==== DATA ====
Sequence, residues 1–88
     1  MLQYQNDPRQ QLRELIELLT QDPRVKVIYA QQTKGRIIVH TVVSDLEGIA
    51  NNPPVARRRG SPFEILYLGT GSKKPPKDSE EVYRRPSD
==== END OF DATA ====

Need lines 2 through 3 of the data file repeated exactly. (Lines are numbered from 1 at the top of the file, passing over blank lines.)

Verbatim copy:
     1  MLQYQNDPRQ QLRELIELLT QDPRVKVIYA QQTKGRIIVH TVVSDLEGIA
    51  NNPPVARRRG SPFEILYLGT GSKKPPKDSE EVYRRPSD